Their symbols will differ. Their context will differ. They will differ — unlike on, say, “Star Trek,” where most aliens are bipedal, breathe an Earth-like atmosphere, can fit through our doors, do not carry organisms to which we have no immunity, are not bent on eating or killing or copulating with us, and, most unlikely of all, speak English (with an American accent, no less). If you happened to catch “Star Trek” in Spain or in China, the aliens would of course speak Spanish or Mandarin. The Universal Translator, a kind of Babelfish storytelling workaround, is invoked to deal with this anthropocentric failure of imagination, but the stories are often not about the aliens at all. Warlike, peaceful, inscrutable, avaricious, they often simply represent human traits exaggerated and wrapped in a green skin. They are really about us — aliens, it seems, are just a mirror that reveals our own values, aims, desires, and shortcomings.
We find it hard to step back, away from our cultural and natural heritage, and realize that our supposed universals are anything but. The proliferation of earthly religions, all purporting to be the One and Only Truth, each claiming to reveal the One and Only God, should underscore this point: we can’t see very far at all, and if our universal truths don’t even hold true here on Earth, why should they hold true elsewhere?
If we want to speak to aliens, let’s call it “communicating,” as “speaking” implies a mouth that forms oscillations in an atmosphere that are received by an ear and decoded by a brain — all anthropomorphic assumptions even before we get to the nuances of the actual language being spoken. Maybe we need to resort to certain universal reference points we presume hold everywhere else in the universe: the atomic structure of hydrogen, the speed of light, the positions of certain pulsars, unwavering constants of nature.
Voyager 1, the most distant probe humans have launched, is currently more than 14 billion miles away, just beyond the heliopause — barely out the front door in interstellar terms. It will be another 40,000 years before it passes close to another planetary system. It carries 115 images; the sounds of surf, wind, thunder, birds and whales; a selection of music from around the world and from different eras; and spoken greetings in 55 languages, including messages from Jimmy Carter and U.N. Secretary-General Waldheim.
What will aliens make of this? The Voyager message is carried on a phonograph record, a 12-inch gold-plated copper disk that plays at 16 ⅔ RPM. It also carries a pick-up arm and an instruction manual, but our alien friends’ home entertainment systems may well only play at 45 and 33 ⅓ RPM, with older models perhaps playing 78s. In this scenario we will all sound like “Pinky and Perky.” Or perhaps they’ve just invented the iPod, but their USBs are the wrong shape.
We have shipped a message in a format that was popular here on Earth for around 180 years, a small window of time in modern man’s 200,000-year-old history of mark-making and symbolic language use. Though vinyl enthusiasts have given it a new lease on life, it’s still only been around for 0.0009th of that time — though it did outlast the compact cassette, 8-track cartridge, and CD by an order of magnitude.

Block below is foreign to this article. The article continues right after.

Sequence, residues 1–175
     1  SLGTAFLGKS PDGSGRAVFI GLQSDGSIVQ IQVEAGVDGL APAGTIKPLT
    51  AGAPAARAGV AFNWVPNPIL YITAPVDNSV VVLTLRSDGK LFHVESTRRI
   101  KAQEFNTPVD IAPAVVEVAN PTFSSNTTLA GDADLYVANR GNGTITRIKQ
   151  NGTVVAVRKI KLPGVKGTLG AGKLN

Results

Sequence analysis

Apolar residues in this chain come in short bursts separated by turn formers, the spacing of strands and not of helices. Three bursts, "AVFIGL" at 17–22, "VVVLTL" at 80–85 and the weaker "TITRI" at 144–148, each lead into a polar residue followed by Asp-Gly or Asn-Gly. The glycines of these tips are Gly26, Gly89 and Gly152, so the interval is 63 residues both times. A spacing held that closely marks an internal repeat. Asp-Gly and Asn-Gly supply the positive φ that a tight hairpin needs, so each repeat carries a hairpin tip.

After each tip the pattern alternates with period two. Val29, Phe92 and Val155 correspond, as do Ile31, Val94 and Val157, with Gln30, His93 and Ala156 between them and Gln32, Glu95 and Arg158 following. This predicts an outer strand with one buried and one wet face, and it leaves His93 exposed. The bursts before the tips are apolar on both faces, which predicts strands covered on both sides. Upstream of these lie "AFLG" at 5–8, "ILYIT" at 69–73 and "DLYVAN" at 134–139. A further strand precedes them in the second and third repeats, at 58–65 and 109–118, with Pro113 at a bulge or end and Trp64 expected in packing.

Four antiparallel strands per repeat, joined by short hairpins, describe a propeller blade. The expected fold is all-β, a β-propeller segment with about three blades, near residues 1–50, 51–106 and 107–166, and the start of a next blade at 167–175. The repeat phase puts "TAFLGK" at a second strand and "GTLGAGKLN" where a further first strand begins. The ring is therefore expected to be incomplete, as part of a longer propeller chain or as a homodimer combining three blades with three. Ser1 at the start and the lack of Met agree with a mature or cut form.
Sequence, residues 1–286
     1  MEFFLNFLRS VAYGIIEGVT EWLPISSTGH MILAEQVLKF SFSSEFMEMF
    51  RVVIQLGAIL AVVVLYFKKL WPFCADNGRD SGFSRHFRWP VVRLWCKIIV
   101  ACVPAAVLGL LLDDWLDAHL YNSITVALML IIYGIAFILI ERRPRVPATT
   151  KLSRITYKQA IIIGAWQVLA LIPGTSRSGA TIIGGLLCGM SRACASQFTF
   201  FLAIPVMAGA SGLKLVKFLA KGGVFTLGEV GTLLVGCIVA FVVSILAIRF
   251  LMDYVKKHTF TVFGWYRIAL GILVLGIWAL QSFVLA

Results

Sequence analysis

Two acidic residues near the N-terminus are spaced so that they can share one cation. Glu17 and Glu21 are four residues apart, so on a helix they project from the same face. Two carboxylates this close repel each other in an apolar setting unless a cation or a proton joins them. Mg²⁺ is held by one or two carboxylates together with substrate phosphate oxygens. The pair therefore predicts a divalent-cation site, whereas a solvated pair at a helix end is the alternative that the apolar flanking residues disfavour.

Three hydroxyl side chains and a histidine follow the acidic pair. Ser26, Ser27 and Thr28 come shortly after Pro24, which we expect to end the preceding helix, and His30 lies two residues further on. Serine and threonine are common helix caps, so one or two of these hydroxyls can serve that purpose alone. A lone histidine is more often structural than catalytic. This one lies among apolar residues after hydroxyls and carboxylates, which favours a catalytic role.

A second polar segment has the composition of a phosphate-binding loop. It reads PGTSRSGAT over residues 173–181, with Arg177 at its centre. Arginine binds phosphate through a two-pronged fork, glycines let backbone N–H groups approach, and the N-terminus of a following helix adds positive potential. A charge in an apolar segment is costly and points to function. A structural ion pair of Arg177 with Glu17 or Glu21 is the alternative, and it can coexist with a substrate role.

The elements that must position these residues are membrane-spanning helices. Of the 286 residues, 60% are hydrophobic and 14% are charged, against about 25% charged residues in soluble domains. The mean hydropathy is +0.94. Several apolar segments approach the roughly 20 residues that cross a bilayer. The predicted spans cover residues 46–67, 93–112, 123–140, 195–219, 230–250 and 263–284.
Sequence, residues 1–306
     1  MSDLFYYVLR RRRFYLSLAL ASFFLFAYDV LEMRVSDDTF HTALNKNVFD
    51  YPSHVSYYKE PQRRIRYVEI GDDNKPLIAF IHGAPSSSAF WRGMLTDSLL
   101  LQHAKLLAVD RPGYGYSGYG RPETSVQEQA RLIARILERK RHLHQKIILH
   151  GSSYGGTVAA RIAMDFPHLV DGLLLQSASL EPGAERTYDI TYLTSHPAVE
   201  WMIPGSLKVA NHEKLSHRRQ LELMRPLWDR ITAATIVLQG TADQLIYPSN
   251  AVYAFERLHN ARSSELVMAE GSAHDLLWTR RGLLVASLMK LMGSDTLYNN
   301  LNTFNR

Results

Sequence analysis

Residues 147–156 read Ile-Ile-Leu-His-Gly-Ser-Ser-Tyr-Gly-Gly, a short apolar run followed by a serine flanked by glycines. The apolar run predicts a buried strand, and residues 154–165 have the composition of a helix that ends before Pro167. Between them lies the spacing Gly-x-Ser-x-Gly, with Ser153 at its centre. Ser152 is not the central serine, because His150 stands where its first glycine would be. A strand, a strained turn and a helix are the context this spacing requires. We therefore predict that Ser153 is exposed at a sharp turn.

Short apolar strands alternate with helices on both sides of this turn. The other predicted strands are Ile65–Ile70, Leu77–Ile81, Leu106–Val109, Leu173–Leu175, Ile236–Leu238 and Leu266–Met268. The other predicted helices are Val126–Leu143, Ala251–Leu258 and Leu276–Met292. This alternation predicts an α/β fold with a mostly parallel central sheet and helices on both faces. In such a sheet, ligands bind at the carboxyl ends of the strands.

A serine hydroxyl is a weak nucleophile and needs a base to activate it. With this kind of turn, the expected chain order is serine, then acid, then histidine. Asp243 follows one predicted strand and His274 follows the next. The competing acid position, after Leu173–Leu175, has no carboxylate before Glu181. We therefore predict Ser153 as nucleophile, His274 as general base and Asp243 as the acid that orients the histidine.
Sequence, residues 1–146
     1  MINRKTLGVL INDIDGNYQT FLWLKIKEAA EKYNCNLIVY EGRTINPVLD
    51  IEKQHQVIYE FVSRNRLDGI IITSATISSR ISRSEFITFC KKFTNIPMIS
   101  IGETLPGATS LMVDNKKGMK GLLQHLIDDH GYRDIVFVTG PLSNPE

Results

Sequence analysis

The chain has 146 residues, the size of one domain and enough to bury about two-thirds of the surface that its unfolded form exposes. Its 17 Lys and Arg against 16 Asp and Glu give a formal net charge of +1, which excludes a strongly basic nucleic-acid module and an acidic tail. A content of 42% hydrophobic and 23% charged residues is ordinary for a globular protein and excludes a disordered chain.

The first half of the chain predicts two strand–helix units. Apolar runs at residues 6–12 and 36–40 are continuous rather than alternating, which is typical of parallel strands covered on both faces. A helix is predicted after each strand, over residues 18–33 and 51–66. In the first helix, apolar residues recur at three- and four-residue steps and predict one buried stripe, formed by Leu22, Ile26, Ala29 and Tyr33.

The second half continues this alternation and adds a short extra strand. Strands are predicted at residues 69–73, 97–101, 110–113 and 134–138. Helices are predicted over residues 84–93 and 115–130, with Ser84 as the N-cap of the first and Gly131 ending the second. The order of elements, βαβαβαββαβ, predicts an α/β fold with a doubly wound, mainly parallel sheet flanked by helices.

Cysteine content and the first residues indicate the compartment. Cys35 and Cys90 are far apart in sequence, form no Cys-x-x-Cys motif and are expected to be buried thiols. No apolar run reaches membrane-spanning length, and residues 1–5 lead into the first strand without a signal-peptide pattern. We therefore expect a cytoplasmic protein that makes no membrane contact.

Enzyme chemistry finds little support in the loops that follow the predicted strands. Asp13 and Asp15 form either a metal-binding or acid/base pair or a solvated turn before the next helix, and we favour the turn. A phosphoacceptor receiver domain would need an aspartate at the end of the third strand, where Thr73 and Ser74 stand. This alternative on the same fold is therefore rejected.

Try and discard these human-centric notions. Imagine you have never seen a gold record, and take a new look at the Voyager probe. Perhaps the whole thing is a symbol. The dish, the boom, the whiskers, the octagonal body. Each could represent some universal truth, have some deep symbolic meaning. Maybe it resembles a rare sea creature that appears twice a year to mate on the sodium flats of Xantu, when the Seven Moons are all full. Maybe it traces a line of fire across the firmament as it burns up in the atmosphere of Polix 5 on the morning of Grug the Destructor’s coronation, cowing his subjects into submission and inaugurating his 2,000-cycle reign of terror. Maybe it falls into a hydroxide ocean and is eaten by the simple organisms there who never think that it may have any meaning beyond the nutritional. Maybe it is discovered by the alien intelligence V’ger, and comes back to Earth to give us a new chapter in the “Star Trek” franchise.
Maybe that gold record carries a message that is not so much aimed at those out there, but those back here. As Linda Salzman Sagan notes in Carl Sagan’s “Murmurs of Earth,” “During the entire Voyager project, all decisions were based on the assumption that there were two audiences for whom the message was being prepared — those of us who inhabit Earth, and those who exist on the planets of distant stars.” Like those “Star Trek” homilies, perhaps we are simply speaking to ourselves.
If we do discover an artifact that is not of this world, if we do receive a signal of alien origin — however it may be encoded — what will be the one message that we can be sure it unambiguously communicates? What will it say?
Rian Hughes Writer
Rian Hughes is an Eisner-nominated graphic designer, illustrator, comic artist, writer, and typographer who has worked extensively for the British and American advertising, music, and comic book industries. He has written and drawn comics for "2000 AD" and "Batman: Black and White," and designed logos for "James Bond," "The X-Men," "Superman," Hedkandi, and "The Avengers." These are collected in the book "Logo-a-gogo" (Korero Press, 2018). He has published two novels, "XX" (Picador, Overlook Press, 2020) and "The Black Locomotive" (Picador, 2021).